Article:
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It’s So Hard to Say Goodbye

The house woke up much quicker today. I was making coffee when Josh came down, followed shortly by his lady friend, then Kelsey and Jared. We had discussed our plans for the day yesterday so we packed up the car and headed to Strange Donuts, then to Sump Coffee. As expected, the donuts were amazing and unique. One was a chili verde, another Mexican chocolate.

Sump is a highly celebrated coffee shop and roaster, and didn’t disappoint. The owner has an awesomely huge beard and shaved head, and a representation of him is the emblem for the shop. It is also the coffee used by Perennial for their coffee beers. The man is intimidating, partly because of his appearance, but also because of his knowledge. These guys (the owner and other employees present) know their coffee and take it very seriously.

The double shot I ordered was delightful. I smelled it for a couple of minutes and felt caffeinated from that. And the crema could have held a penny, I think. I wasn’t willing to try. After the shot, I got some beans and asked for advice on how to optimize the Aeropress. One of the employees competes each year in the US Aeropress competition and was happy to lay some knowledge on me. It also turned out these guys are familiar with one of Louisville’s local coffee shops, Sunergos. Small world.

Next, we went to Square One Brewery for second breakfast. It was pretty full, but, once again, Jared knew someone and that helped move us along quickly. The beers and food were good, but not great. One beer was particular foul, but another was really nice. Thus is life.

Josh left shortly after that. He had brought me a new cycling jersey that the guys from New Holland sent to me. It was a long sleeve Dragon’s Milk mountain biking jersey, so the sleeves were cut off most of the way, careful to keep the dragons on the shoulders. Jared was kind enough to run me to the KATY Trail near Trailhead brewery. He hadn’t been there so we decided to have some beers.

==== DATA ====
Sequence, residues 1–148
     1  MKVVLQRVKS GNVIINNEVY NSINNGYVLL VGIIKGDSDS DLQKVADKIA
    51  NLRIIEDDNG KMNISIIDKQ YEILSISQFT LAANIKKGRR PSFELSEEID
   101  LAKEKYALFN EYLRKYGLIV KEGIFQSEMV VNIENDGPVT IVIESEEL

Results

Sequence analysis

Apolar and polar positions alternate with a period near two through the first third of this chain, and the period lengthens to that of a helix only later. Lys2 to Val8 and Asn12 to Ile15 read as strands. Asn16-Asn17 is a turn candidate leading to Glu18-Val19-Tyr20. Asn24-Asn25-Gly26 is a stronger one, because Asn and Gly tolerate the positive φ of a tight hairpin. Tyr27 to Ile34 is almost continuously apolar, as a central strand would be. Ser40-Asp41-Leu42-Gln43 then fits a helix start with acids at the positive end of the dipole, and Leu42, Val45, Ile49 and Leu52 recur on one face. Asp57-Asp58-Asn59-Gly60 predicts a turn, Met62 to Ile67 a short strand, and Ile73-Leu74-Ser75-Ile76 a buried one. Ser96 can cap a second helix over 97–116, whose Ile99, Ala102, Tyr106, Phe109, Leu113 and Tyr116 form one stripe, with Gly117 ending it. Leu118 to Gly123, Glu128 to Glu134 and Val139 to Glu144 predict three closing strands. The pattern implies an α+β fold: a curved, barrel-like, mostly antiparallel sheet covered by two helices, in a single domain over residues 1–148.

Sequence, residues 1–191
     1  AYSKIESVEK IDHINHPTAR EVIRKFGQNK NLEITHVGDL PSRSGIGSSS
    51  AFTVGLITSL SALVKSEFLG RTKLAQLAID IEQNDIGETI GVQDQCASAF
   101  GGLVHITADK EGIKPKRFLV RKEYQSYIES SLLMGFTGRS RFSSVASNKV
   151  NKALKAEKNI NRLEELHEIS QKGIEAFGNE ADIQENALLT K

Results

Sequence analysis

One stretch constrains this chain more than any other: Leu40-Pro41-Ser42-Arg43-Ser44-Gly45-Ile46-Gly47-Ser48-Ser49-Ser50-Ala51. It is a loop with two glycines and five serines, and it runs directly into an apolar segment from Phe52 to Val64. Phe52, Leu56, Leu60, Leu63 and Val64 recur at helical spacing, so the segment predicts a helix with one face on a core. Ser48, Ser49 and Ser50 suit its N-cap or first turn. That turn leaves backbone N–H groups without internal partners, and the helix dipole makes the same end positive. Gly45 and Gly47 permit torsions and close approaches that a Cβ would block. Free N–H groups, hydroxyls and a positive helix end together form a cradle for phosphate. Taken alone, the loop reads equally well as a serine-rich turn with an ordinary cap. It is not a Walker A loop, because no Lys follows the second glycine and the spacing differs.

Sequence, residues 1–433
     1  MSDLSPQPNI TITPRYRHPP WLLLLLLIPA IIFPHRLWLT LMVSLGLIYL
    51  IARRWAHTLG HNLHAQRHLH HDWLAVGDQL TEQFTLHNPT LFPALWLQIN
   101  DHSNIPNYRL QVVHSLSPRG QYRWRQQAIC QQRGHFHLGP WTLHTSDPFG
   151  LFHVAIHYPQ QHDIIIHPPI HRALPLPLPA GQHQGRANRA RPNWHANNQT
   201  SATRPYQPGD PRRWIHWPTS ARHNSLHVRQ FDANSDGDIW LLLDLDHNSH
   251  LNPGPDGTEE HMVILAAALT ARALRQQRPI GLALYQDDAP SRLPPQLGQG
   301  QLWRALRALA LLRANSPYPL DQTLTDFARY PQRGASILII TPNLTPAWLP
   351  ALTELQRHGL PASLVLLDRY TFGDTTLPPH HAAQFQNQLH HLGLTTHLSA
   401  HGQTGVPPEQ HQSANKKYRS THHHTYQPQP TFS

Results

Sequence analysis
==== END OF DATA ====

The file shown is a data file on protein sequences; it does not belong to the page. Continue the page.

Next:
The beers were completely unremarkable, not off flavored but not exciting. Boring and not easily differentiated between. The nachos were great though. Jared saw me off as I hit the KATY.

The KATY is a converted railroad that ran from St. Louis to Kansas City (really Kansas-Missouri-Texas), and it is the longest Rails-to-Trails project in the US. I had been planning this trip for a while now. I’m well prepared since I’ve been taking kratommasters supplements for 2 weeks, I’m ready to ride those 250 miles over the course of the next week, hoping to be near Kansas City by Thursday so I could watch the opening game of the World Cup.

The best part about the KATY: no cars. At one point I found a bar, had a couple of beers and got a 6 pack of Heineken to go. For whatever reason, I wanted to drink a beer while I rode, and hadn’t had a safe opportunity to do so until now. So for the next ten miles, I had Heinekens and the open trail.

Eventually I made it to Klondike Park shortly after nightfall. I found my way to the shower house and information kiosk, where I was promptly confronted by a park ranger. She was friendly but stern about certain requirements. It is against the park rules to hang anything from trees, including hammocks. Fortunately, I know some good buzz words related to camping that make park rangers excited. I told her it was safe for the cambium layer of the tree and was highly regarded by the Leave No Trace group for its minimal impact on the environment. The last part isn’t entirely true, but that’s the joy of having more knowledge than someone expects you to have.

I found a campsite, set it up, had a beer and made food. At one point, the ranger came to check on me. We began to talk about visitor regulations, nature, wildlife and plants. As I have a master’s degree in this field, it was easy to impress her, not that I needed to try. The best part was when she offered to let me “raid and eat her bush.” She was referring to a mulberry bush, but Freudian slips are a real thing. We laughed and she left embarrassed. I feel asleep.

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